When a muscle is shorter than the optimal length, it not only effects the opposing muscle but can have repercussions on the entire [body]…If you continue to exercise with poor posture you will recruit the wrong muscles and build your body disproportionately…If you do not correct your muscular imbalances the cycle will repeat over and over again and get progressively worse. – askthetrainer.com
The above statement is a difficult lesson to learn, yet it is the most crucial. People ponder why it is they have done exercise for years and yet their body is still riddled with aches and pains. The answer is never simple, but a few simple answers are often missed.
The simpler the concept, the harder it is to master. Walk tall. Breathe. Lengthen muscles and release tension. All of this translates to proper muscular support of the joints and spine. Although a good cardio regime is important for the body and mind, so too is understanding posture.
We all fight gravity and posture issues. Think of how much time we spend sitting. The damage cannot be completely reversed by three hours of weekly fitness. The in-between moments matter most. You could be a daily runner, or someone who sits all day, if there is no postural awareness there is a more rapid deterioration of the body structure.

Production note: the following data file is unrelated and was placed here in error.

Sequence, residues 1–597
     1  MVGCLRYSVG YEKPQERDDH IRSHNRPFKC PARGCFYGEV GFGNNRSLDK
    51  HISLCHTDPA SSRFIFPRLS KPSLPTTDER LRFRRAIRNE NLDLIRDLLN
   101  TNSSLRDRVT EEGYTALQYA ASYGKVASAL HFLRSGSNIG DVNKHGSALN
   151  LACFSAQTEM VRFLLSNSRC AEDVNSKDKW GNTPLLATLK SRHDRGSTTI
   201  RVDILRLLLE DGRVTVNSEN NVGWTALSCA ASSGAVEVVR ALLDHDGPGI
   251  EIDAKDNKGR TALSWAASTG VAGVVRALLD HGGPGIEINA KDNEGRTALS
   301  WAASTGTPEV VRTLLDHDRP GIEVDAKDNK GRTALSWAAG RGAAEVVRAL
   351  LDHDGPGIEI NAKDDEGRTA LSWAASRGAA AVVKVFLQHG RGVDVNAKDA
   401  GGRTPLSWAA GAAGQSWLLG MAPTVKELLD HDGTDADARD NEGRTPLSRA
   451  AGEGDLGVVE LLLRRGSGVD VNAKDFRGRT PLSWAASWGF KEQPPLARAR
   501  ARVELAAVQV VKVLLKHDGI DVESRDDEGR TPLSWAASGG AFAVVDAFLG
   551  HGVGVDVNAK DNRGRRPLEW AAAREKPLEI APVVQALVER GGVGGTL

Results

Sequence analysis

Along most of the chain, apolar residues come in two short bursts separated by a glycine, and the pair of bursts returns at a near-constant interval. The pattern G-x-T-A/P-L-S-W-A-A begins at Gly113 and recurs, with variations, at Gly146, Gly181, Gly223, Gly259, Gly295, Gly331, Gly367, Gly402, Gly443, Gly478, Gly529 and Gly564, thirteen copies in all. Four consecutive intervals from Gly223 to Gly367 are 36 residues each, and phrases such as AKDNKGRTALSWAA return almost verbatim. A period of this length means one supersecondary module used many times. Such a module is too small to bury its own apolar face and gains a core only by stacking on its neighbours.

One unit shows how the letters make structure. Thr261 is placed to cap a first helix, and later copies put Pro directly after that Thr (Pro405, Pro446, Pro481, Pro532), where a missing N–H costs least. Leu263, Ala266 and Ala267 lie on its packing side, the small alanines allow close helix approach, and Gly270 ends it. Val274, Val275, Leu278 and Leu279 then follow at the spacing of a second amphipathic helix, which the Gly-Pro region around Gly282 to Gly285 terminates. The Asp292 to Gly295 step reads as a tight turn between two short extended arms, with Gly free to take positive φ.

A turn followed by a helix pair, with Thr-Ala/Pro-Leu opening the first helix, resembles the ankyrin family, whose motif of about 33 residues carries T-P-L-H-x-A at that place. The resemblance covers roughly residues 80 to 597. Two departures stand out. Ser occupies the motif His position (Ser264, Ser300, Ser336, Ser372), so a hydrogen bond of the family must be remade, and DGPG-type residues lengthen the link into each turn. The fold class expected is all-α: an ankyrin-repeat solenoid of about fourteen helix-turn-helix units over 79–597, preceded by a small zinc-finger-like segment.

In a recent lesson a client had a personal break-through, and in her own words, she found that by stretching a muscle, you are “canceling it out” of the exercise. In other words, when stretching a muscle long, it can’t be tensed inward. This is a simple way to think of how lengthened muscles will create less stress and tension in both the body and mind.
Here are some ideas designed to create postural awareness.
– Work on your breath.
Take a moment at your desk, in the kitchen, wherever you might be, and focus on your breath to allow tension to melt away and bring your body and mind back into focus. My favorite breathing cues come from Mary Bond and her book “The New Rules of Posture. #1. Inhale beauty: as if you are smelling something wonderful, like fresh-baked cookies or roses. #2. Exhale surrender: Exhale and focus on one part of your body releasing, letting go, and becoming heavy. Don’t over-breathe or force the breath. Just let it happen lightly and without strain.
– Most importantly. Go back to basics.
Even if you are an advanced fitness person, consider going back to the basics. People often know how a movement should look, but are doing it with the wrong muscles. The most common example is overuse of the hip flexors which take over for the abdominals, making it impossible to get any benefit from certain core exercises.
Take a basic pilates class, yoga class, tai-chi, or dance. Any movement practice that focuses on fundamentals. A strong understanding of basic movements and how they relate to your body is what makes someone truly advanced.